Toronto bidding to host 2011 FIBA Americas
With the 2012 Olympic qualifying tournament just over a year away, the Canadian men's basketball team is hoping to secure the ultimate home-court advantage.
Basketball Canada made its pitch Thursday to members of basketball's world governing body as it bids to host the 2011 FIBA Americas tournament. Toronto is running against Mar del Plata, Argentina, and Rio de Janeiro for the right to host the bi-annual event, which will double as the qualifier for the Olympic tournament in London.
The tournament features teams from North, Central and South America and the Caribbean. Canada finished fourth at the 2009 competition in San Juan, Puerto Rico, earning a berth in this year's world championship this summer in Turkey.
Canada hasn't hosted a major international basketball event since the 1994 world championship. Former national team member Rowan Barrett played in that tournament, and remembers the thrill he got from competing in front of a raucous home crowd.
"There's nothing that you like more as a player than to represent your country in your country," Barrett said from atop the CN Tower, where Canada Basketball and FIBA met with the media.
National head coach Leo Rautins said holding the tournament in Toronto — and specifically the Air Canada Centre — makes plenty of sense from a strategic standpoint.
"It would be a players' tournament," said Rautins. "Everything is right next to each other. When you go into a tournament, the pressure, the time, the commitment from the players is intense.
"To have everything as conveniently situated as it would be here is a tremendous asset to all the players participating in the tournament."
For Rautins, convenience is a major issue. He has previously been critical of the FIBA Americas tournament schedule, and with good reason: at last year's tournament, his team had to play nine games in a 10-day span.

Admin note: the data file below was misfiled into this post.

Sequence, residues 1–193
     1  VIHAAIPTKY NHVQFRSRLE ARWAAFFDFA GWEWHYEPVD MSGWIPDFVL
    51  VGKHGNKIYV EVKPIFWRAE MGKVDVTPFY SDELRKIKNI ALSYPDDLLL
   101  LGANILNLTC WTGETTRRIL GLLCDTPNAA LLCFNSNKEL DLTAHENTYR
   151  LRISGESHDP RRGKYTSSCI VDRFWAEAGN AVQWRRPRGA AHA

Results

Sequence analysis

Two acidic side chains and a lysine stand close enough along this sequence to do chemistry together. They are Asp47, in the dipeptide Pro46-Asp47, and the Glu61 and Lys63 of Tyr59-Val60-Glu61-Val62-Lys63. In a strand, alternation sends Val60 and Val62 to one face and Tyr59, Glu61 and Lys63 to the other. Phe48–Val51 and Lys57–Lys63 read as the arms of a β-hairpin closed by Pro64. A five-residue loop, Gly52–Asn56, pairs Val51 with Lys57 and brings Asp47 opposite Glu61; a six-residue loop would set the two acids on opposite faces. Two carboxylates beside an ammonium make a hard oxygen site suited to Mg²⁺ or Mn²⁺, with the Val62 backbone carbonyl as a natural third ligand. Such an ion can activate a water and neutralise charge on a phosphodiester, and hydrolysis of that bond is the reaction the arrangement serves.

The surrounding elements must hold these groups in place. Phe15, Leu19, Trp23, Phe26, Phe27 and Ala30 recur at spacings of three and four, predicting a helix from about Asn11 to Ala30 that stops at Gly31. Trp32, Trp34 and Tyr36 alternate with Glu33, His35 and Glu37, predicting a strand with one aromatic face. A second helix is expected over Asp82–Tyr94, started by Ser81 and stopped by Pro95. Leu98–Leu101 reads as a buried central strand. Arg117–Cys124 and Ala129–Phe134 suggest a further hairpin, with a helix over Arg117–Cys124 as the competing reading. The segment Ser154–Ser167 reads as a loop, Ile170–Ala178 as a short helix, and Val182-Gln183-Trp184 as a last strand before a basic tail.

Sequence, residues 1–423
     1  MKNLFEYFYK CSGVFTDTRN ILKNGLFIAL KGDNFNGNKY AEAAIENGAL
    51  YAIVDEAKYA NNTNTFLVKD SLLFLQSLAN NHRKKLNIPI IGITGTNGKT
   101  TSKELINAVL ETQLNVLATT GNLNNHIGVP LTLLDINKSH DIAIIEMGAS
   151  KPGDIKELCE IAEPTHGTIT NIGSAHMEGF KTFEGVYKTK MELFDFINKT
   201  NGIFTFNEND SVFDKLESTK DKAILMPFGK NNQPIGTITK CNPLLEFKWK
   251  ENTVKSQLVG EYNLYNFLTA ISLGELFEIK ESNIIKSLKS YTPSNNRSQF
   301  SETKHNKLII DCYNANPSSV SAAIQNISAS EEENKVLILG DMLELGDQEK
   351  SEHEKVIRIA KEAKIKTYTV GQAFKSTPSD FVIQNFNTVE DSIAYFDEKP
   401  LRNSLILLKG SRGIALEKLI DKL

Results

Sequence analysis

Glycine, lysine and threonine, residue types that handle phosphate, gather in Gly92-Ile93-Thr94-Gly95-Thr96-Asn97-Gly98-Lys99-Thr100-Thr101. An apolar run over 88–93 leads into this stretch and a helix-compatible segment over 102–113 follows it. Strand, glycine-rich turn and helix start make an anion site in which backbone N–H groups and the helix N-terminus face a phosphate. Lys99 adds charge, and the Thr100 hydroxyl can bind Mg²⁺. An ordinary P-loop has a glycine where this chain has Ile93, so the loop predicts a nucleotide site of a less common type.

Toronto diversity a major plus
While Canada managed to hold it together and qualify for the worlds, Rautins would no doubt like to see Canada enjoy some measure of home comfort for the 2011 event.
Part of Basketball Canada's pitch is that just about every team would feel cosy in Toronto, which boasts one of the most diverse populations in the world.
"Every country in the tournament will be well-represented in the stands, to the point where I might have to [remind] my people that they're still living in Canada," Rautins joked. "That's the kind of country Canada is. The support would be tremendous for all the teams here."
The three bid countries will make official presentations during the FIBA Americas board meeting in San Juan, Puerto Rico, on May 22. The executive committee will then meet during the FIBA Americas Under 18 men's championship in San Antonio, Texas, at the end of June to vote on which city will host the event.
While FIBA Americas officials have raved about Toronto during their visit, secretary general Alberto Garcia cautioned against getting overconfident.
"Canada is an excellent candidate," said Garcia. "[But] during the presentation, members of the board, they have to see what we have seen. And they have to feel the same way we feel here.
"We can translate this, but it would be much better for [Basketball Canada] to transmit that."
Basketball Canada executive director Wayne Parrish said his organization realizes the job isn't done yet.
"We have some work left to do," said Parrish. "[FIBA has] been able to advise us of the things that we need to work on with in the bid.
"We're very hopeful that [the vote] will result in a positive for Toronto."